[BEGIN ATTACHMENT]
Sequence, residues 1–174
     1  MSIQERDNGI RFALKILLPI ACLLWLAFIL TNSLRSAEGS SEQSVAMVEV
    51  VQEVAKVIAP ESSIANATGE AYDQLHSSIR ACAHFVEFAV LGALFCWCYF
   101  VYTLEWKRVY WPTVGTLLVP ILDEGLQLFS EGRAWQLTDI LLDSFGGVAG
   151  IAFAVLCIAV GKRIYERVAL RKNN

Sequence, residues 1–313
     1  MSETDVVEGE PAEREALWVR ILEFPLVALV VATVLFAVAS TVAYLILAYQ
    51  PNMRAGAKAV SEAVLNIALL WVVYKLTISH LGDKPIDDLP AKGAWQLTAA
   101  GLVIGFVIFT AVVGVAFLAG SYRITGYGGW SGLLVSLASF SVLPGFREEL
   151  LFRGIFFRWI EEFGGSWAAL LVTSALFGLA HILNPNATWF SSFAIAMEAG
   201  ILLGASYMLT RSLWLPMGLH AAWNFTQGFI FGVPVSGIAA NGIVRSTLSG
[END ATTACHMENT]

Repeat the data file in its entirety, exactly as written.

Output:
Sequence, residues 1–174
     1  MSIQERDNGI RFALKILLPI ACLLWLAFIL TNSLRSAEGS SEQSVAMVEV
    51  VQEVAKVIAP ESSIANATGE AYDQLHSSIR ACAHFVEFAV LGALFCWCYF
   101  VYTLEWKRVY WPTVGTLLVP ILDEGLQLFS EGRAWQLTDI LLDSFGGVAG
   151  IAFAVLCIAV GKRIYERVAL RKNN

Sequence, residues 1–313
     1  MSETDVVEGE PAEREALWVR ILEFPLVALV VATVLFAVAS TVAYLILAYQ
    51  PNMRAGAKAV SEAVLNIALL WVVYKLTISH LGDKPIDDLP AKGAWQLTAA
   101  GLVIGFVIFT AVVGVAFLAG SYRITGYGGW SGLLVSLASF SVLPGFREEL
   151  LFRGIFFRWI EEFGGSWAAL LVTSALFGLA HILNPNATWF SSFAIAMEAG
   201  ILLGASYMLT RSLWLPMGLH AAWNFTQGFI FGVPVSGIAA NGIVRSTLSG